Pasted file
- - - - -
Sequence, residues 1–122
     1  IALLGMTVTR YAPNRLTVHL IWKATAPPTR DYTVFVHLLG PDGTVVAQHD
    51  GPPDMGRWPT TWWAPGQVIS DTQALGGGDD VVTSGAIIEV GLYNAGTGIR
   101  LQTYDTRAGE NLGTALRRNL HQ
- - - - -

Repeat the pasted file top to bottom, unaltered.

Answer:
Sequence, residues 1–122
     1  IALLGMTVTR YAPNRLTVHL IWKATAPPTR DYTVFVHLLG PDGTVVAQHD
    51  GPPDMGRWPT TWWAPGQVIS DTQALGGGDD VVTSGAIIEV GLYNAGTGIR
   101  LQTYDTRAGE NLGTALRRNL HQ